Born and raised in abject poverty in Tarkwa Breman, a small village in the Western Region of Ghana, Shadrack wouldn’t let anything come between him and his dreams. As the son of a peasant farmer and charcoal seller, he had two options; become a farmer or start a family. Education was secondary.

However, he broke away from tradition and chose education. With the aid of scholarships and self-support from street jobs, Shadrack was able to graduate from Opoku Ware School, Kumasi, Ghana in 2011 in General Science and the University of Pennsylvania, Philadelphia, PA with a Biology degree in 2015.

At the University of Pennsylvania, he was one of five students in his graduating class who was awarded the prestigious President’s Engagement Prize to establish a school for girls and medical clinic in his village. Shadrack aspires to career in medicine and endeavors to advocate for, and serve medically underserved communities.

I’ve been at Penn since 1983 and have worked with lots of undergraduates and graduates over those years, but Shadrack stands out… He is just electrifying. He is so articulate about what he wanted to accomplish, and it’s more than just, ‘I’m going to save the world.’ He really thinks deeply about these things and he knows how to implement them.

– Prof. (Dr.) Harvey Rubin, Professor of Medicine, Computer Science and Microbiology, University of Pennsylvania School of Medicine

Service & Advocacy

Shadrack’s experiences with infectious diseases in the village and on the streets led him to establish Students for A Healthy Africa (SAHA), one of the continent’s largest student-health movements. SAHA has so far provided free health insurance for HIV/AIDS orphans in Ghana and constructed a health clinic and potable water well in two communities in rural Nigeria.

A firm believer in the immense potential of women in Africa’s development, he also co-founded the African Research Academies for Women, which aim to bridge the wide gap between male and female scientists on the continent through annual summer research institutes for college women in Ghana and Nigeria.

As a way of giving back, he also started a club at his high school that has assisted about 18 needy but brilliant students gain acceptances at elite U.S universities on full scholarships. Recently, he also founded and leads Cocoa360, which will be establishing a medical clinic and school for girls in rural Ghana.

These initiatives have merited numerous awards and recognition, including a prize from the United Nations and multiple invitations to meet former President Bill Clinton and other world leaders at the annual Clinton Global Initiative. In August 2013, he was awarded the Discovering Youth Leadership Fellowship from the Commonwealth Secretariat, for his excellent work on youth involvement in improving Africa’s healthcare. Frimpong was later appointed an Associate Fellow of the Royal Commonwealth Society in January 2015.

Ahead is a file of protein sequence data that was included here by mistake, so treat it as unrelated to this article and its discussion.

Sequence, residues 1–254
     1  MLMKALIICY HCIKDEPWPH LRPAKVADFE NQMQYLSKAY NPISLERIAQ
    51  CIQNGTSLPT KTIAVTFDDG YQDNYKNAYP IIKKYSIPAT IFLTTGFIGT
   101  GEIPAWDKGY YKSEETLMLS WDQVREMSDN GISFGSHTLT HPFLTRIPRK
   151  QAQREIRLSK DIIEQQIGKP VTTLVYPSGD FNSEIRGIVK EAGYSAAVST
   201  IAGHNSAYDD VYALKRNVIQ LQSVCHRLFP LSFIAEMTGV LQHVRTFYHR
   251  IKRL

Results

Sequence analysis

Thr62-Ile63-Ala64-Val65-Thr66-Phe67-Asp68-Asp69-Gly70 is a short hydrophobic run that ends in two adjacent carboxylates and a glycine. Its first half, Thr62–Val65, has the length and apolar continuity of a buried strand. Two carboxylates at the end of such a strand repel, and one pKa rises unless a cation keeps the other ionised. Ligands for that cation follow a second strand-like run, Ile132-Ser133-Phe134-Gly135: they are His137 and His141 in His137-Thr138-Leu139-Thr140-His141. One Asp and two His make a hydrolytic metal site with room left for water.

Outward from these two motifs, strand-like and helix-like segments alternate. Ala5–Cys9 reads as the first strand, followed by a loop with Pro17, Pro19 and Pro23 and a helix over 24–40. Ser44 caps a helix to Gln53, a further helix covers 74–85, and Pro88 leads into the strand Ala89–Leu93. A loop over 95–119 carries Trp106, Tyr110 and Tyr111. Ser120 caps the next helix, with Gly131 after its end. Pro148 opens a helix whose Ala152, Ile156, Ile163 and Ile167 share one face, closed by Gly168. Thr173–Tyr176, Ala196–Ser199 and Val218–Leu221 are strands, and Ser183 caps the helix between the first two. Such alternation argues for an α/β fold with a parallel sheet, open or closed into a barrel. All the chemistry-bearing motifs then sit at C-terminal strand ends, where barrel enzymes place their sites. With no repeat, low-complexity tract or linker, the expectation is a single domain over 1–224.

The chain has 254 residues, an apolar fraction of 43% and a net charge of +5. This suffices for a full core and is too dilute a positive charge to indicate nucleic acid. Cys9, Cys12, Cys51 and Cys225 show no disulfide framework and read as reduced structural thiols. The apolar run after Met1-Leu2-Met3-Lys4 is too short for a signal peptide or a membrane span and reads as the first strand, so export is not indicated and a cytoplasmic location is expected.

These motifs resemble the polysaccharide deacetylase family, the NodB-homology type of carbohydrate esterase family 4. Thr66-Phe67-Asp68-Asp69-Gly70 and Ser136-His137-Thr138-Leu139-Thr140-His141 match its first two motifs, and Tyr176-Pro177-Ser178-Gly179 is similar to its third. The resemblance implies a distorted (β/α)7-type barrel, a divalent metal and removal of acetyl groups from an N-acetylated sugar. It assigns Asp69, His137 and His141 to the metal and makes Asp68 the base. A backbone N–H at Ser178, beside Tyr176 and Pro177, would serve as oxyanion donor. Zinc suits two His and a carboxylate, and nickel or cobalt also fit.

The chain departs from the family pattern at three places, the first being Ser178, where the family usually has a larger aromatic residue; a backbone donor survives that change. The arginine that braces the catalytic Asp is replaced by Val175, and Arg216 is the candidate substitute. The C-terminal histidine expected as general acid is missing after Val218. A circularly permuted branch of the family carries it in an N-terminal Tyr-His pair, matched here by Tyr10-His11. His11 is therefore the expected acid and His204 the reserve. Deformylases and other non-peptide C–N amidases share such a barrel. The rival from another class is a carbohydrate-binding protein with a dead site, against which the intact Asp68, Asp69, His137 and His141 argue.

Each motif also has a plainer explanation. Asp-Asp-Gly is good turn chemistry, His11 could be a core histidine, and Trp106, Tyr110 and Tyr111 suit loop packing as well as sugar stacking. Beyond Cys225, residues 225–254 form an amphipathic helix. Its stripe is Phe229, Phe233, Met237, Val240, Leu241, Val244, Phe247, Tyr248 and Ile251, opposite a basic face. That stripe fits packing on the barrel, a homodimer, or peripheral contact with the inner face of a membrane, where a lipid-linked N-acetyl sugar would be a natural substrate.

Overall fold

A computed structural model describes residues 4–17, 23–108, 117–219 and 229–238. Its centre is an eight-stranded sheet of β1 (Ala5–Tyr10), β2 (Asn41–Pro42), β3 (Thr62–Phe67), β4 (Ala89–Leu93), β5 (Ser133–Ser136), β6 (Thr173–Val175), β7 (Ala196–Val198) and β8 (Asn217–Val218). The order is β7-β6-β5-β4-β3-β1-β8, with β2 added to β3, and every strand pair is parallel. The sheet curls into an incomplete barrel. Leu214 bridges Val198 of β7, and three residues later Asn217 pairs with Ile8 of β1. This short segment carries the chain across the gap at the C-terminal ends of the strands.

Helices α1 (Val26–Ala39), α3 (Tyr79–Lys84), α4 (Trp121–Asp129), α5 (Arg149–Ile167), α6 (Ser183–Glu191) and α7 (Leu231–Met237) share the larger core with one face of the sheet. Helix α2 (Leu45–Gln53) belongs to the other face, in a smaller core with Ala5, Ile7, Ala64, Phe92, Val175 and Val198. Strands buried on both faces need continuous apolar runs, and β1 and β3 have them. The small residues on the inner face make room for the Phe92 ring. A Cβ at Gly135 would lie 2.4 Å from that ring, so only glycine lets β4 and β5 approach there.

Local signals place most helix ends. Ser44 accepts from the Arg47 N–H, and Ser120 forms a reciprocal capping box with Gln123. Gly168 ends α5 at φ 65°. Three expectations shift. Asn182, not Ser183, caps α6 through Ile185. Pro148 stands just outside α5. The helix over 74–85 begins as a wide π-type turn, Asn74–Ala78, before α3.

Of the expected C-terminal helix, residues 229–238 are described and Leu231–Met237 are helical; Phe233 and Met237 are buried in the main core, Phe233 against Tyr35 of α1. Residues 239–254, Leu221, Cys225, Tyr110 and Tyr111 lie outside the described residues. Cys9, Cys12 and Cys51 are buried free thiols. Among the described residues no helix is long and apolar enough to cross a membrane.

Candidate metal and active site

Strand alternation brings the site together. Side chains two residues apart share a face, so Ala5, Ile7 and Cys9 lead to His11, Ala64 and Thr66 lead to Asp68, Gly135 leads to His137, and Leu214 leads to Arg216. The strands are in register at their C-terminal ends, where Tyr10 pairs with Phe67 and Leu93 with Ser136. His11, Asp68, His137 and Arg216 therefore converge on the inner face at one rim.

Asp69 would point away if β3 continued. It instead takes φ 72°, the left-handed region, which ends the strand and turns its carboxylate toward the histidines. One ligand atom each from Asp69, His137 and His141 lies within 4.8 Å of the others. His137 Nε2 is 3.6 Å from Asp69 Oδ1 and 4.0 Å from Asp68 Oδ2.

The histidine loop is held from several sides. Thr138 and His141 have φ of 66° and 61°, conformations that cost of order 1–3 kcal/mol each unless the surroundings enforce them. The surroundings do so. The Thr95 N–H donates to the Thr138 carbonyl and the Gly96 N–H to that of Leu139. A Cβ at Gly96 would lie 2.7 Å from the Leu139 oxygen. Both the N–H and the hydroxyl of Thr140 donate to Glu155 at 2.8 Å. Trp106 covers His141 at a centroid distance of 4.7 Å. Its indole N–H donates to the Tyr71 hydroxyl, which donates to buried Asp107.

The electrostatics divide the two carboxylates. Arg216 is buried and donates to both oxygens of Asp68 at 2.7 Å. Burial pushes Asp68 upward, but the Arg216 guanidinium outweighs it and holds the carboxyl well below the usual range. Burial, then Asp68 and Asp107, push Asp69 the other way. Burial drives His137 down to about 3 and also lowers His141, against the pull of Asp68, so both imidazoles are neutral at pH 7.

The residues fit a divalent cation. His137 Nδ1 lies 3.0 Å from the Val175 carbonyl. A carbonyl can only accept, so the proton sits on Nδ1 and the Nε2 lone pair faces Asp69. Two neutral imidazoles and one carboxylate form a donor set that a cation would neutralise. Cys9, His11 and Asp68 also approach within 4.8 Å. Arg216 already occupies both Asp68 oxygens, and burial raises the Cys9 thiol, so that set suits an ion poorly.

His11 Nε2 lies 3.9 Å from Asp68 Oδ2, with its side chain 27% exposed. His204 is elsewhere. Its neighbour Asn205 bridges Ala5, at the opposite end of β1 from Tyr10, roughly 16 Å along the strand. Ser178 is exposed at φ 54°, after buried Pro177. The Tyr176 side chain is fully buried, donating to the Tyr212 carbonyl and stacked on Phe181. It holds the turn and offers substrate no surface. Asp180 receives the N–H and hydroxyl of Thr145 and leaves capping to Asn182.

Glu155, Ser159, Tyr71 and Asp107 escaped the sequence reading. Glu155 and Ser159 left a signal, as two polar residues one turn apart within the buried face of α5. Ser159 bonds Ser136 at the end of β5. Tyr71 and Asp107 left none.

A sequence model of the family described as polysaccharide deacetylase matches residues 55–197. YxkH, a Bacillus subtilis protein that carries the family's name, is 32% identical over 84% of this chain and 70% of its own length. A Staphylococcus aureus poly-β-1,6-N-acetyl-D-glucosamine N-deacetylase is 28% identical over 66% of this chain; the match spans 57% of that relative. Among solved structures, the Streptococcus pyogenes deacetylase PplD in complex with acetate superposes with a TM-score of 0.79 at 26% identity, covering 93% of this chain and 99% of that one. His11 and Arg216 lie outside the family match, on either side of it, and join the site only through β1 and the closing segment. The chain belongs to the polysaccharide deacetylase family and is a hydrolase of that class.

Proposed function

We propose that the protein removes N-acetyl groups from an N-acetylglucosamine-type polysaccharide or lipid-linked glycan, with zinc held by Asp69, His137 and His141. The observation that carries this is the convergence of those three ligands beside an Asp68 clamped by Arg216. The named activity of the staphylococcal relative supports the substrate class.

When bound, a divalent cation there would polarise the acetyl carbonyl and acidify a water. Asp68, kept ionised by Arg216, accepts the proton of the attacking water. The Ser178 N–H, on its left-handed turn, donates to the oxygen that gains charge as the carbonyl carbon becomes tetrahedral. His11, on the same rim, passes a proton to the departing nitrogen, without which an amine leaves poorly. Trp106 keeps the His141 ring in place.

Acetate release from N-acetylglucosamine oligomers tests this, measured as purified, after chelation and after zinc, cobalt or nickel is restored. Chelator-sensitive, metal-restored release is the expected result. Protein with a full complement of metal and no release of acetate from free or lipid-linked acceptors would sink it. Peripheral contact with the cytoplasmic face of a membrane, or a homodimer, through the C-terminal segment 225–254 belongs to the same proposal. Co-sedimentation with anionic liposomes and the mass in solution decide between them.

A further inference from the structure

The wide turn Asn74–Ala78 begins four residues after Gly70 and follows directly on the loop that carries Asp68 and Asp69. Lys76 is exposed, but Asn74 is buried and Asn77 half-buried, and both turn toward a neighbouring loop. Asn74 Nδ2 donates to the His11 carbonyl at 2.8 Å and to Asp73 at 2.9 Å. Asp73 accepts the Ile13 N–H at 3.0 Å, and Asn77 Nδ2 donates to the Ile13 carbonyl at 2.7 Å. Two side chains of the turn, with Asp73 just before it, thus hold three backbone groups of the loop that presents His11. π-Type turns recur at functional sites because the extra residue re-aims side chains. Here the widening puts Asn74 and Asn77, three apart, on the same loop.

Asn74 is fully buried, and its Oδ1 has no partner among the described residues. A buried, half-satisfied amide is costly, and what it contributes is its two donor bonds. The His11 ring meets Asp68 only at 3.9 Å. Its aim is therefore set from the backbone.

In my 12 years here at University of Pennsylvania, I've rarely seen a student with the kind of drive, clarity of purpose and ability to help others that Shadrack possesses… He’s an agent of change in the making… Rarely have I met someone who is invested in leading by doing and leads by example… There is under-appreciation for how phenomenal he is.

– Prof. (Dr.) Roy Hamilton, Professor of Neurology, University of Pennsylvania School of Medicine


With faith in God, Shadrack also aspires to become one of Africa’s finest physician-scientists. As a University Scholar at Penn, he researched HIV latency as well as adherence to HIV therapy by adolescents in rural Botswana. He has worked with world-renowned scientists in Switzerland to decipher the kinetics of retrovirus expression. In recognition of his research contributions, he has been nominated for, and awarded multiple research fellowships including those from the National Institutes of Health (NIH), and the Swiss Institute for Experimental Cancer Research (ISREC).

In summer 2013, he was 1 of just 25 students worldwide out of about 1500 applicants, to be awarded an all-expense paid fellowship to conduct scientific research at the internationally renowned École Polytechnique Fédérale de Lausanne in Switzerland. Shadrack was the first student from the University of Pennsylvania to be selected for this prestigious fellowship since the program’s inception.

In August 2014, the National Institutes of Health (NIH), Government of Botswana and the University of Pennsylvania appointed Shadrack to work with Prof. Robert Gross, and train locally based Botswana HIV researchers.

(He is) a rare individual, a matrix combination of self responsibility, strong work ethic, self reliance and the ability to ask for support when he needs it, I find it rare in an individual of his age.

– Dr. Tanya Jung, College Advisor, University of Pennsylvania


Shadrack is a friend, a listener at heart who loves to sing and is a member of a Ghanaian Church Choir in West Philadelphia. In college, he sang with the New Spirit of Penn Gospel Choir. He loves to mentor and be mentored and consequently served as a Teaching Assistant of the Pipeline Program at Penn’s Medical School, and advised prospective and accepted students as a member of the university’s College Cognoscenti.

He's kind of fearless.

– Prof. (Dr.) Larry Gladney, Edmund J. and Louise W. Kahn Professor for Faculty Excellence and Associate Dean for Natural Sciences, University of Pennsylvania

Shadrack Frimpong is inspirational... He’s going to make a revolutionary difference.

– Prof. (Dr.) Amy Gutmann, President, University of Pennsylvania

Shadrack credits his life solely to God. He remains indebted to his family, friends as well as his many mentors for their continual unwavering support.

Galatians 2:20 - I have been crucified with Christ and I no longer live, but Christ lives in me. The life I now live in the body, I live by faith in the Son of God, who loved me and gave himself for me.